I made it overly violent on purpose. I’m not sure how much of a gore fan you are, but at a certain point you cross the line and it becomes so messed up that you can’t help but laugh. It’s not the fringe, pit-of-your-stomach sort of violence; it becomes its own genre in a certain way. This is certainly not the first movie to do that. But I think that Liz executed in a way that this movie definitely crosses the line in terms of gore, but I don’t think it really alienates the audience.
Correct me if I’m wrong, but it sounds like when you wrote this script, you saw it as a calling card to get other work, but you didn’t think a respectable studio would ever make it.
I guess I wouldn’t say “respectable studio.” I’m not sure it’s the right narrative, but that is kind of the truth. It was maybe going to get me some attention that people would read on tracking boards, possibly? Or just another spec that I would just throw on the pile of many that no one ever reads. I’m not sure if this is the best thing for me to say from a publicity perspective, but I don’t really care. The truth is, no, I didn’t think that any respectable studio would make a movie called “Cocaine Bear” and keep all the shit that I had written.
I mean, I’m part of the Just Say No generation that grew up in the ’80s, and watching the movie, there was a part of me that just couldn’t believe it existed at all — there was a time not that long ago where this movie would’ve just been this massive scandal.
What I learned from Phil and Chris and Aditya is that there’s a good nature to this movie as well. I wrote those kids doing [cocaine] with love; they were just very specific and vivid in my mind. I’m 10 years younger than you are. But I still had D.A.R.E. representatives coming to my school every week and just so much anti-drug culture around my school. So I never thought that anybody could put cocaine in the title and have it be as massive as this movie wants to be.
What did what did you think when you heard that Elizabeth Banks was interested in directing?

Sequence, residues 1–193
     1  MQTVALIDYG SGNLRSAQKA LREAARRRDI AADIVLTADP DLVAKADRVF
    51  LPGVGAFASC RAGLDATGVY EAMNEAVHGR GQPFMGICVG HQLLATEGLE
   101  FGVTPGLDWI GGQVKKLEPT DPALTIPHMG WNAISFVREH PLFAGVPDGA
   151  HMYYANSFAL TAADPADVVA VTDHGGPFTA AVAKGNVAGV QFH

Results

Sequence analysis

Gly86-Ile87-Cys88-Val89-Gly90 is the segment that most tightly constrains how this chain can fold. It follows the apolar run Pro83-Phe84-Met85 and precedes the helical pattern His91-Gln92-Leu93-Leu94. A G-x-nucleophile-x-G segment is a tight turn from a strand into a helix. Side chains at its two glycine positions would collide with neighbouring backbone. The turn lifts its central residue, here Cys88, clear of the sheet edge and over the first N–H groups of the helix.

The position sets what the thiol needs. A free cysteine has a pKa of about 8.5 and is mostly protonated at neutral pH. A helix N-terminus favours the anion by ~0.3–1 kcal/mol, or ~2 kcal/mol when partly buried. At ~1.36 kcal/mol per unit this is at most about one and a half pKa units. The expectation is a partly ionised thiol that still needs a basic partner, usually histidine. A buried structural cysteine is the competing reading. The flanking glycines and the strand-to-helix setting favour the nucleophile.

I was excited, because I think there’s a dark and smaller version of this movie. And in order to warrant however many millions we were going to need to build this bear, we needed someone that was able to push the envelope in terms of tone and make sure that it was something that everybody was going to want to see. Not just horror fans, not just gore freaks. She took those comedic aspects and continued to build on them.
The movie ends with what feels like a suggestion for a sequel, but given that you didn’t think this movie would get made, do you have an idea for a sequel in your head?
Yeah, for sure. Not just a sequel. Many sequels. “Cocaine Bear in Space” is where we would probably end.
I can’t tell if you’re pulling my leg or not.
No, I’m fucking with you about “Cocaine Bear Goes to Space.” But for the sequels, I definitely have ideas for that. The bear’s not the bad guy in this movie. What happened is a product of circumstance and everybody else’s poor decisions. I think that is a story that we can continue to tell over and over again. I’d be excited to tell it because there are some really good ideas that we have for the subsequent movies.
Finally, and please tell me if this is too personal, but did you draw from any personal experience with cocaine in writing this script?
And this is on the record. (Pause) Yeah, of course. I had personal experiences with both halves of the title. I’ve seen bears in the wild, and as for cocaine, I mean, yeah, who hasn’t? I don’t really know how much [my publicists] will want me to say that I have done cocaine in Variety. But yeah, I guess that’s true. Liz hasn’t, though. She refuses to.
“Cocaine Bear” premieres in theaters on Feb. 24.
This interview has been edited and condensed.